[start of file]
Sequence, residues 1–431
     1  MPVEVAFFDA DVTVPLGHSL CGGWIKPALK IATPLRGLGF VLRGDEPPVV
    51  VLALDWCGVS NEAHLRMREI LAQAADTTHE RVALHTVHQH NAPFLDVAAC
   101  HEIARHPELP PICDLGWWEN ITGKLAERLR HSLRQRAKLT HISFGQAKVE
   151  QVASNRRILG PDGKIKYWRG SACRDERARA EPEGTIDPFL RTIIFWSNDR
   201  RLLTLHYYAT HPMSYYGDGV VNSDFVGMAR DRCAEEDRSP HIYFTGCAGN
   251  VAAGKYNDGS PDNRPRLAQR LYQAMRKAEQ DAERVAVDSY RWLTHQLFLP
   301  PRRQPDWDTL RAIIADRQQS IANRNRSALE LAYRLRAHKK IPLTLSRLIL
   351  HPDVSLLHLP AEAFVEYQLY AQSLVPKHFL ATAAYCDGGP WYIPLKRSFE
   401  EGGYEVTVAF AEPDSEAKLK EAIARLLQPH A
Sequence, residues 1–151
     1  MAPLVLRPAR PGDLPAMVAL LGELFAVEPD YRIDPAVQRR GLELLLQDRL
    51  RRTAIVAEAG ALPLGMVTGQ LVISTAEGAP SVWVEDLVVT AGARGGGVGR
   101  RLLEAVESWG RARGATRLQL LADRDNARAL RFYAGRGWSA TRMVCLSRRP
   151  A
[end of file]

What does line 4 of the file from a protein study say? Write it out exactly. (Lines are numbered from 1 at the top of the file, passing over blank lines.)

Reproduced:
   101  HEIARHPELP PICDLGWWEN ITGKLAERLR HSLRQRAKLT HISFGQAKVE